Other events of interest external to the Society
A weekend celebrating the Arts & Crafts Movement in the Haslemere area
Friday 7th to Sunday 9th July 2017
The time is fast approaching when Haslemere will be playing host to an Arts and Crafts Weekend to celebrate the town’s rich Arts and Crafts heritage.
The weekend of special events, organised by Haslemere Museum and supported by Haslemere Events and the Visitor Information Centre, promises a fascinating insight into the Arts and Crafts Movement and the influence Haslemere had to become a thriving centre for a community of artists determined to revive lost country crafts in England.
The craft workshops and weaving houses have long since disappeared from Haslemere but the history of this inspiring movement is still visible today in the road names and buildings, together with a lasting legacy in the collection of European folk art that remains in Haslemere Museum today.
Highlights of the weekend include an evening talk with Eric Knowles, antiques expert who has graced the BBC’s Antiques Roadshow programme for over 20 years, a trail around the Arts and Crafts industry buildings and houses of Haslemere, an exclusive garden tour of Gertrude Jekyll’s iconic woodland garden at Munstead Wood, dinner by candlelight at St Christopher Church, a stunning example of an Arts & Crafts building designed by Charles Spooner and much more.
There will also be an exhibition at Haslemere Museum entitled ‘The Rustic Renaissance’ which runs throughout July and August, telling the intriguing story of how this remarkable group of craftspeople thrived in Haslemere in the early 1900s, illustrated by original artwork and artefacts from the European Peasant Arts Collection.The leaflet for the weekend, including a booking form, can be downloaded here.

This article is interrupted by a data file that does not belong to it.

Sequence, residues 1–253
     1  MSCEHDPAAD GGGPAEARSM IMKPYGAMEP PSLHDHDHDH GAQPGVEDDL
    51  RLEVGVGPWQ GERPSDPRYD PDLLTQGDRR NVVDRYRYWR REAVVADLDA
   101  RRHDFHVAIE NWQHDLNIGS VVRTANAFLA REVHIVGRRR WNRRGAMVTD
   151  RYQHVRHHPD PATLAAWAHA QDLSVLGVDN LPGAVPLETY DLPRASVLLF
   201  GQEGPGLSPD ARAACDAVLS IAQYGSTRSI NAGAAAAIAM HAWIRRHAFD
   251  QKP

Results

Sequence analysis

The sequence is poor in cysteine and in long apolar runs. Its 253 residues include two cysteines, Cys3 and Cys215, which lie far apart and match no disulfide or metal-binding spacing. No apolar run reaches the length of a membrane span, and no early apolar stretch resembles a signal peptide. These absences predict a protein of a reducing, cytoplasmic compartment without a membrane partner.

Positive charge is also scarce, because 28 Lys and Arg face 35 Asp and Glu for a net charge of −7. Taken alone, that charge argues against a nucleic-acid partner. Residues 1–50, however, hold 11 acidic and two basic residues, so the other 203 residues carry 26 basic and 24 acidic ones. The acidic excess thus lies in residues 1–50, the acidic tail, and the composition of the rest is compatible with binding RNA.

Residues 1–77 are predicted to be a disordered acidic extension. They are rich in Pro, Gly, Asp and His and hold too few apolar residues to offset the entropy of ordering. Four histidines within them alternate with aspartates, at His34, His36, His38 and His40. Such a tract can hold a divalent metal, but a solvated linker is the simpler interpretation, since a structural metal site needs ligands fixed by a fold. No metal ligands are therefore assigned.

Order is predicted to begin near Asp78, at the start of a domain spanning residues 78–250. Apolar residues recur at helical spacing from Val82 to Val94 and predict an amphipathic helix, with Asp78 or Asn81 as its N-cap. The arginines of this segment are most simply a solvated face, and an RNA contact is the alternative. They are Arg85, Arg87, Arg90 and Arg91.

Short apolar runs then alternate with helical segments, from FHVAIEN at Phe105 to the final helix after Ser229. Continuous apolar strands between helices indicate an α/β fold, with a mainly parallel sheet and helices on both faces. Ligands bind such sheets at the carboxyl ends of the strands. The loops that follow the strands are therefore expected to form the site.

A network and website to showcase European museums based in artists’ former homes and studios now features over 100 museums.
Initiated by Watts Gallery – Artists’ Village and funded by the Tavalozza Foundation and the Heritage Lottery Fund, The Artist’s Studio Museum Network aims to raise the profile of artist’s studio museums and their collections. There are currently over 100 museums included, representing 20 European countries.
There is a particularly strong representation from Arts and Crafts interiors, with participating museums including: Leighton House, London, home of the great Victorian academic painter Frederic, Lord Leighton (1830-1896) and site of the famous ‘Arab Hall’. Limnerslease, at Watts Gallery – Artists’ Village, where Leighton’s friend GF Watts worked during the winter months; three sites associated with writer and designer William Morris (1834-1896) and the Victorian family home that became a studio for Morris’s friend Emery Walker (1851-1933).
More unusual is David Parr House, Cambridge, an unassuming terrace where Parr – an ‘artist painter’ employed by day at the decorative firm F R Leach - created his own luxury arts and crafts interiors, including hand-painted wall decorations, Gothic carvings and stained glass.
These UK arts and crafts house-museums now join an international network of artists’ studios, many with similarly spectacular interiors, as at Millesgården, Lidingö - where the Swedish sculptor Carl Milles (1875-1955) established a studio and sculpture garden - and the Rembrandt House, Amsterdam, whose purchase in 1639 would eventually drive Rembrandt van Rijn (1606-1669) into debt.
All are ready for exploration at www.artiststudiomuseum.org
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